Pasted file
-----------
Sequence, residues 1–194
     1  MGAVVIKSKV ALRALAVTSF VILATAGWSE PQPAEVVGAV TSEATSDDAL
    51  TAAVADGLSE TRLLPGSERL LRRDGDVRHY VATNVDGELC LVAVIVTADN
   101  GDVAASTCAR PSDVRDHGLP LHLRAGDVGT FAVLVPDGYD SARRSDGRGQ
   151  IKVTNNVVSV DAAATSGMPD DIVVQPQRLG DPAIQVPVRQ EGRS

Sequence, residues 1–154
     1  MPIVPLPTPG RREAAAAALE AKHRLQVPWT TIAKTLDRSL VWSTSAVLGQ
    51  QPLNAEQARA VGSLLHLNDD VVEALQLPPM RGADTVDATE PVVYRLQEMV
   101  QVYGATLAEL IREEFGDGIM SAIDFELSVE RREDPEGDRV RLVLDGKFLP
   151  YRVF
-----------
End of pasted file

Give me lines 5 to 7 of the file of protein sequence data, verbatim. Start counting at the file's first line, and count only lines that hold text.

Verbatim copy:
   151  IKVTNNVVSV DAAATSGMPD DIVVQPQRLG DPAIQVPVRQ EGRS

Sequence, residues 1–154
     1  MPIVPLPTPG RREAAAAALE AKHRLQVPWT TIAKTLDRSL VWSTSAVLGQ